Every culture has its myths and legends. That’s what makes them cultures. With 10,000 BC, special effects wizard Roalnd Emmerich (Independence Day, The Day After Tomorrow) presents the story of the world’s first human hero as though Hollywood were a culture of its own. And with lines of dialogue like, “Do not eat me if I set you free,” you can probably imagine the result.
The time is 12,000 years ago, plus or minus a year or three. Humans and the grandchildren of dinosaurs share the earth. With his lady friend kidnapped, D’Leh (Steven Strait) ventures out across the desert to find her. Along the way D’Leh makes like Braveheart and amasses an army of other tribes who are sick of seeing their people taken and put into slavery for a technologically advanced group of people.
The story is pretty basic – and boring. It’s roots in myth making are so simplistic and dumbed down that there’s nothing in the way of the story or the characters to get excited about. They’re just props playing secondary to the spectacle. Characters can be defined simply by their archetypes: the warrior hero, the savage villain, the loyal friend, the brave child. There’s no depth to their stories or the overall story the film tells. Instead it’s the occasional action scene mixed with sweeping wide shots. Everything else seems like filler.
It’s this very spectacle that’s really the only thing worth seeing in 10,000 BC. The woolly mammoths, sabre toothed tiger and other prehistoric delights look unlike anything since Fred and Barney did the dishes for the last time in The Flintstones. Although we have no recorded history of exactly how they looked like or moved, Emmerich and his effects team bring the animals to life as though I imagined them growing up and seeing them in dusty encyclopedias and in text books. Yet no matter how cool they look, they’re not a major part of the film’s story. As a result I don’t see how they should have been the big part of the production.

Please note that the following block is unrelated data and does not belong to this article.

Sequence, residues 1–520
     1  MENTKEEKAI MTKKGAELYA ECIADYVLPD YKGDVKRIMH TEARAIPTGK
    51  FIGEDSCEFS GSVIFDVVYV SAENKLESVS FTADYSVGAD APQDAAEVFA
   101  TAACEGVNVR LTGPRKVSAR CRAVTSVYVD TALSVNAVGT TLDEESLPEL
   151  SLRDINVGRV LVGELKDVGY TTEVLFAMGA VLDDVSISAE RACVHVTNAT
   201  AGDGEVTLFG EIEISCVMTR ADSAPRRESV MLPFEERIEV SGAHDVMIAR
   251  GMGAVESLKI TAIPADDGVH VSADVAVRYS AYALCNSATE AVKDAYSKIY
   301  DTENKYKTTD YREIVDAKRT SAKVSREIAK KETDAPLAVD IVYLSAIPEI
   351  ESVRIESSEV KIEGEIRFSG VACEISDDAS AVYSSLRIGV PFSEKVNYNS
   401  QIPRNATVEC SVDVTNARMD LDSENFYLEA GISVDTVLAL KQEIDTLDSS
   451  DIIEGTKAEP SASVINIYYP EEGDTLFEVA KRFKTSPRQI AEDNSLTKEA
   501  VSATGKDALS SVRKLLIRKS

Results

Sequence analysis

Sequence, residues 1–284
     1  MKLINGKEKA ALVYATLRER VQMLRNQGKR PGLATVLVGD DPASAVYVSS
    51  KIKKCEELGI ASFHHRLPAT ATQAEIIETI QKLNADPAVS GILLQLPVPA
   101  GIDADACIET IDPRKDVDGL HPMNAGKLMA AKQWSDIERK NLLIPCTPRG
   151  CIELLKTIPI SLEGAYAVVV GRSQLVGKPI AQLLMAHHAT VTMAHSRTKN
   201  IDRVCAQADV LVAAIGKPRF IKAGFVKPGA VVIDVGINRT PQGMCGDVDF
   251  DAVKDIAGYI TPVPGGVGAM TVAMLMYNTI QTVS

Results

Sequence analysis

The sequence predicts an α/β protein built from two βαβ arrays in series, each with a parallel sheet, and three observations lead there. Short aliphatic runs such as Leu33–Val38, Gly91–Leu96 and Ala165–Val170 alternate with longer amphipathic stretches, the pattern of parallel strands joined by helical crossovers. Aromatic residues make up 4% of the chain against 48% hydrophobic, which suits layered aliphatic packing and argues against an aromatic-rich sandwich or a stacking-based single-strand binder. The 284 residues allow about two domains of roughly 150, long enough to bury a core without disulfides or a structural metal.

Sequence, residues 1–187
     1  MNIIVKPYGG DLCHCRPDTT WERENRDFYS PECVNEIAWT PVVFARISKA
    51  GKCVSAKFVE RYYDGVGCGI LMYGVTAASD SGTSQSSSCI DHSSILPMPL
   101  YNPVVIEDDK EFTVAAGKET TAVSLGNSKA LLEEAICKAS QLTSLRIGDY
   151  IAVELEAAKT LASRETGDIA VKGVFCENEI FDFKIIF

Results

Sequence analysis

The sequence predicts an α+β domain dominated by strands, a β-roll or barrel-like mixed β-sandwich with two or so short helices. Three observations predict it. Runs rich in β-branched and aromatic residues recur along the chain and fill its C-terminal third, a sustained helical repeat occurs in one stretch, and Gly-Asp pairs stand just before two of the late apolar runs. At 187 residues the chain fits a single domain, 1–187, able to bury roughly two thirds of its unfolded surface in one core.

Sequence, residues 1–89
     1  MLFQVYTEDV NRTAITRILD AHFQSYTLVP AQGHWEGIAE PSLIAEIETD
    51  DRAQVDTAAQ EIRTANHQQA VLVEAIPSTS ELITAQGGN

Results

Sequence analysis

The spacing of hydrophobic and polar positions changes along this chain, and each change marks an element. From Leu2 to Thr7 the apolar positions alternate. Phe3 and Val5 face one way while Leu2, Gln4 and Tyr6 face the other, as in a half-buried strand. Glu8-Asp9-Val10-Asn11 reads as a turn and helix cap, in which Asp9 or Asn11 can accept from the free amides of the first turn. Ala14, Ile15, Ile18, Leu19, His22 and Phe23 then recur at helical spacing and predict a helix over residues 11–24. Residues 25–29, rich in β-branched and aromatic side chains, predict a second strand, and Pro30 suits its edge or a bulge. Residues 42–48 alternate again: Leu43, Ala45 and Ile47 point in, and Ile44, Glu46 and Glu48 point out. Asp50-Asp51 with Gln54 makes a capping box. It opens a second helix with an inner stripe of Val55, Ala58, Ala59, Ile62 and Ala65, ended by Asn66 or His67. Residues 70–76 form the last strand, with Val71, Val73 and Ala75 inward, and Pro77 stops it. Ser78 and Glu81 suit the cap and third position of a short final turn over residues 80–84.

I hope I’m wrong, but I can’t help but think that 10,000 BC started out as an idea that sounded like, “Wouldn’t it be cool if we had wooly mammoths and saber toothed tigers and people all in the same movie?” and went from there. 10,000 BC might make ancient history look spectacular but something tells me that it would have been forgotten if it were this boring.
10,000 BC DVD Review
10,000 BC comes to DVD with both widescreen and full screen formats included on the double-sided disc. The picture is sharp with vibrant colours. Audio is in English, French and Spanish Dolby 5.1 Surround.
Bonus features are limited to an alternate ending, nine deleted scenes totaling 11 minutes, and previews for The Dark Knight, Batman: Gotham Knight, the LEGO Batman video game and TV’s Primeval.
10,000 BC Gallery